n mid-January, anti-abortion activist Teresa Manning Wagner, the deputy assistant secretary for the Office of Population Affairs in the Department of Health and Human Services, was escorted from the building after supposedly resigning her post. Her acting replacement, Valerie Huber, has spent her career working against birth control programs and advocating for abstinence-only programs; she had no government experience before joining HHS last summer. HHS is more than two months late in publishing guidelines for the Title X grant program that provides free and low-cost birth control to 4 million low-income people annually. And to make matters worse, HHS is still without a permanent secretary after Tom Price resigned amid a scandal of his own.
What is going on at HHS?
We are one year into the administration of President Trump and Vice President Mike Pence, and little is known about the inner workings of HHS. It is one of the largest and most consequential non-defense agencies in federal government, with a 2018 budget of $1.1 trillion. When it comes to the health of millions of Americans, HHS wields great power to steer the ship and can often steer it quietly, without the help of Congress. The administration’s political appointees can be hugely influential in the policies that ultimately affect ordinary Americans. As they say, personnel is policy.
But despite the enormous influence of HHS, the agency has received relatively little scrutiny from Republicans in Congress. Americans protested in the Capitol and at town halls across the nation to take on the president, Congress, and HHS when it came to efforts to repeal and replace the Affordable Care Act. But even as the ACA fight continued and as the press held former Secretary Price accountable for using private charter aircraft for official trips at taxpayer expense, little attention has been paid to the making of critical appointments and policy changes. Some of the most dangerous changes to women’s health are hiding in plain sight.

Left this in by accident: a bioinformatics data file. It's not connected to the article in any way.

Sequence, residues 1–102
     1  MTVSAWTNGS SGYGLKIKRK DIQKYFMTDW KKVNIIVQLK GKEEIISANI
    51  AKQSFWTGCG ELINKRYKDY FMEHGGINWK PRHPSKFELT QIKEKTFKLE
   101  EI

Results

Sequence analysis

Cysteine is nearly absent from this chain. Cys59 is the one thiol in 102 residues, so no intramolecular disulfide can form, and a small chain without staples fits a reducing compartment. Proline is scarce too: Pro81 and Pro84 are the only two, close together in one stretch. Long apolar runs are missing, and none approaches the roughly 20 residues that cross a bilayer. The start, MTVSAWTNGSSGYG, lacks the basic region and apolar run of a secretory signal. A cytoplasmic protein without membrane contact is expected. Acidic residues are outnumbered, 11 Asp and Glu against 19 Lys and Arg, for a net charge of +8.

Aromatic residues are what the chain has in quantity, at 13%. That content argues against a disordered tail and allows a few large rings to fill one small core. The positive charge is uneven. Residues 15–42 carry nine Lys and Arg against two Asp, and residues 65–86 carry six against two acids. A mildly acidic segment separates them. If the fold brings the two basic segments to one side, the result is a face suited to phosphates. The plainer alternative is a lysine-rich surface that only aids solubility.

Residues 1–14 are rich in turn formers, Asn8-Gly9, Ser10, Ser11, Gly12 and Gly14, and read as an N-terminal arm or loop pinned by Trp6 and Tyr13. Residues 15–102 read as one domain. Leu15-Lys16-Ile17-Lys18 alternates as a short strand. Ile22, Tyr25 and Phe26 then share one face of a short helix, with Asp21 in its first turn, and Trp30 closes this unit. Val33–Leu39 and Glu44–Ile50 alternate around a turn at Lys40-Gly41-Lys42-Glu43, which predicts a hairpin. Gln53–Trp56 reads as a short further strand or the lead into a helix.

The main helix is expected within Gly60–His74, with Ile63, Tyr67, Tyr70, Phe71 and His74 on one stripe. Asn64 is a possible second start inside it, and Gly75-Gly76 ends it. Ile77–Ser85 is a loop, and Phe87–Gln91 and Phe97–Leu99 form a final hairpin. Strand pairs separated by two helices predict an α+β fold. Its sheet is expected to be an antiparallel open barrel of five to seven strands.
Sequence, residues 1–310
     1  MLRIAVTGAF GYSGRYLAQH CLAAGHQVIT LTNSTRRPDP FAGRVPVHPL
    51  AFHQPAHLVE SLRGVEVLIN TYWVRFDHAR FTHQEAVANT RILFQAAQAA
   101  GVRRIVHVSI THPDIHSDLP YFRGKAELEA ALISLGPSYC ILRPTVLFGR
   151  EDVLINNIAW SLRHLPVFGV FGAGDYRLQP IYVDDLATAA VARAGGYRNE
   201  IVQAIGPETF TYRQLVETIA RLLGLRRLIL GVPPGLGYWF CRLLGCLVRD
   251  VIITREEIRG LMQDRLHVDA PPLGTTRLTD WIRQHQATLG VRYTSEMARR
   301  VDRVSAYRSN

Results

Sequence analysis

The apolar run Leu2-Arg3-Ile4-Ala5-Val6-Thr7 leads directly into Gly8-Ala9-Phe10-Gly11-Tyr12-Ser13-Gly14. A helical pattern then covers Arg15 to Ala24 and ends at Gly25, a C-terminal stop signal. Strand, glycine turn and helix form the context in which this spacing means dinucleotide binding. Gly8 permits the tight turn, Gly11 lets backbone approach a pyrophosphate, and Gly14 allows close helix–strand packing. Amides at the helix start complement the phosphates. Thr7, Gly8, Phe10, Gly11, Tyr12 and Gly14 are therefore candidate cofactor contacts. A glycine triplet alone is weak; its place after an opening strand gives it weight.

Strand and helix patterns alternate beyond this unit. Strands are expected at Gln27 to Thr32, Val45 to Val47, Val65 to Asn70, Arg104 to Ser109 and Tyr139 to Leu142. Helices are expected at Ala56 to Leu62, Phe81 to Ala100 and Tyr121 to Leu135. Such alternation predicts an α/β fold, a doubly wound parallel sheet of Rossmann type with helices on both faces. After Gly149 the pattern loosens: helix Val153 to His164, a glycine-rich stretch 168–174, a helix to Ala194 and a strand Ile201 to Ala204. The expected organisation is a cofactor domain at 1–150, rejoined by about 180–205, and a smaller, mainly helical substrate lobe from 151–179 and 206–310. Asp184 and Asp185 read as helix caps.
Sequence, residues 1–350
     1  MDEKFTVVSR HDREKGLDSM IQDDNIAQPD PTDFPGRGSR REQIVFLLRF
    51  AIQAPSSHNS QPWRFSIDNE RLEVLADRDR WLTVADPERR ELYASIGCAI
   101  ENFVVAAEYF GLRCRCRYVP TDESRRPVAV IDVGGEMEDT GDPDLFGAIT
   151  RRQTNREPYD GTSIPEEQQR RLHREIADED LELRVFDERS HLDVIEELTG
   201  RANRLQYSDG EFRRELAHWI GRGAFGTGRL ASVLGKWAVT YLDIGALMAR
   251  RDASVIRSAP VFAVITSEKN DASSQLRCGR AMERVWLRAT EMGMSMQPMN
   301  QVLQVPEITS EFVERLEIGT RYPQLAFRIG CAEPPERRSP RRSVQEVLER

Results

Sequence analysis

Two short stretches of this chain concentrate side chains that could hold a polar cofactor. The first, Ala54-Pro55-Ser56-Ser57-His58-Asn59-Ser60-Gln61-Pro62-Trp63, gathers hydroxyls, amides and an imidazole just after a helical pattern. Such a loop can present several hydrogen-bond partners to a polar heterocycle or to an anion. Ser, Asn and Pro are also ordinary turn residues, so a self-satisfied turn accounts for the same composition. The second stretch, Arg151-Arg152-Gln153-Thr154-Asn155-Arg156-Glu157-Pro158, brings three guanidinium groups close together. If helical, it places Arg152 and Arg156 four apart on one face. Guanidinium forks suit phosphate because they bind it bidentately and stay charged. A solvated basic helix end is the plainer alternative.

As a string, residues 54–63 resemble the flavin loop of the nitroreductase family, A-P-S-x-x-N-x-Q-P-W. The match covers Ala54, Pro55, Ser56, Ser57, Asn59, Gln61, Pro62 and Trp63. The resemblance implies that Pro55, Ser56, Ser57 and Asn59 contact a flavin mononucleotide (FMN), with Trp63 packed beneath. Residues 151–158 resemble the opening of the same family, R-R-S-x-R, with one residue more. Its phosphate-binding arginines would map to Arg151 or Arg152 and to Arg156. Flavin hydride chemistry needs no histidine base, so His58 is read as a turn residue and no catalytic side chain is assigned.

Equity Forward, the nonprofit organization I direct, was launched to take on anti-reproductive-health forces wherever they may be. We recently started HHS Watch, a campaign to increase transparency and accountability at the nation’s foremost public health agency. HHS Watch will focus on the appointees and actions of the entire agency, but will zero in on how the department is harming reproductive health care.
One of the areas in which HHS has most egregiously changed course is the Title X family planning program. Instead of hiring qualified public health professionals, the administration has quietly put anti-contraception political activists in charge of reproductive health care for the people who rely on Title X, with no public debate and no meaningful oversight in Congress.
Through HHS Watch, we have already revealed that numerous individuals responsible for this program have either made public statements against contraception and other scientifically backed family planning methods or worked for organizations at odds with the evidence that those approaches work. Some of these appointees work in the Office of Population Affairs, which administers Title X.
Title X is an essential program because it helps people decide when and if to become pregnant. Since 1970, the U.S. has maintained a national commitment through this program to providing low-cost or free birth control to low-income people who don’t qualify for Medicaid. Republican and Democratic presidents alike have used science and scientific results, including demonstrated reductions in unintended pregnancies, as their guide for ensuring the widespread availability of high-quality family planning. We are now at a historic 30-year low for unintended pregnancy while simultaneously saving an estimated $13.6 billion a year, $7 billion of which is directly attributed to Title X programs.
Given that impressive record, why would the Trump administration choose people who do not believe in contraception to run such a program? All signs point to the administration’s intention to dismantle this successful, proven program. A leaked White House memo singles out Title X, claiming it “should be cut in half at least.” It has a partisan target on its back, thanks to people like Pence who would rather use as a political boogeyman Planned Parenthood (which provides care for a substantial number of Title X patients) to rile up the administration’s base than have a serious discussion about providing quality reproductive health care to Americans in need.
As the administration weighs any changes to the Title X program or other essential HHS programs upon which millions of families rely, it must understand that any process should not occur without being fully transparent and accountable to the American people. HHS Watch exists to ensure that the department is truthful and transparent about who is making decisions and why they are being made.
The Trump administration owes all Americans answers to questions about what is going on at HHS. We aren’t holding our breath for its reply. Instead, we will file Freedom of Information Act requests and conduct inquiries about the department because Americans deserve to know more about it.
Mary Alice Carter is executive director of Equity Forward, a nonprofit that runs research-driven campaigns to hold accountable the opponents of reproductive health.